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Signposts: Daily Devotions

Written by Mary C. Earle

Friday, April 24

Turn again to your rest, O my soul,
For the LORD has treated you well.
—Psalm 116:6

My nephew is Jewish, and from time to time we worship with him at his synagogue. Over the years, as Jack’s Episcopal priests-aunt-and-uncle, we have grown accustomed to greeting him on Friday evening with “Shabbat shalom.” Loosely translated, this Hebrew greeting means “Sabbath peace.”

Yet our rabbi friends have taught us that it means far more than ceasing from work. Shabbat shalom involves returning to the recreating grace of God, the grace that knit us together in our mothers’ wombs, the grace that sustains and upholds us.

Setting aside the frenetic pace of the workweek to observe Sabbath rest invites us to stop and be still, to relish the world we have been given, to notice the life unfolding all around us. When we turn again to our rest, we discover how much goes on without our efforts. The practice of returning to our rest allows us to rediscover that we are not God and that we did not create ourselves.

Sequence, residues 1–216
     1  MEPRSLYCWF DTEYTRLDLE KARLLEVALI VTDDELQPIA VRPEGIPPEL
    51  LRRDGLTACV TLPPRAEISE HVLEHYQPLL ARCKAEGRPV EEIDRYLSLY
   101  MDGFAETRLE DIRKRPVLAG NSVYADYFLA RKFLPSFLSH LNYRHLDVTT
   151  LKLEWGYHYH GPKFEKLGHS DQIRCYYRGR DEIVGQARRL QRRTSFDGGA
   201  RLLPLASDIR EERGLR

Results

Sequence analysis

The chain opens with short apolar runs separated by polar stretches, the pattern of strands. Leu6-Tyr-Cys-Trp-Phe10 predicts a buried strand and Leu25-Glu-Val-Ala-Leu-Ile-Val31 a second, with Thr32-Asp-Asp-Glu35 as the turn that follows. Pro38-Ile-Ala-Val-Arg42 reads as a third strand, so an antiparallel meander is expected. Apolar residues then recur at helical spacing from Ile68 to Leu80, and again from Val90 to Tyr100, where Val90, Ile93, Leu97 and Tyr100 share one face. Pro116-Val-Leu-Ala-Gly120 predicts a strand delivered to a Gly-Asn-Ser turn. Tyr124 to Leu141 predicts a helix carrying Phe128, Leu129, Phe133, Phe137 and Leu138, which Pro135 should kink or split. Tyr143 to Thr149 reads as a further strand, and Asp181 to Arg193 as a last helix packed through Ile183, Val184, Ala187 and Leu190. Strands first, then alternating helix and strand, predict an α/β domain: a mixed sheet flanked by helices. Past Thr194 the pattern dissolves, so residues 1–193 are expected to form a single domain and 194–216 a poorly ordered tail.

When he was little, Jack taught us a song from Hebrew school, which we sing together to this day. The words are simply, “Shabbat shalom, Shabbat shalom.”

Whenever I sing it, I see Jack as a child, dancing around the room, teaching his Episcopal relatives how to dance with Sabbath joy. I see Jack drawing us into the sacred human act of resting in God, resting in the joy that we have been brought into being, and trusting that at the end, we will return to the Shabbat shalom that is God’s true presence.

Grant me the grace to rest in you, O God, that I may be your creation and live your life in the world. Amen.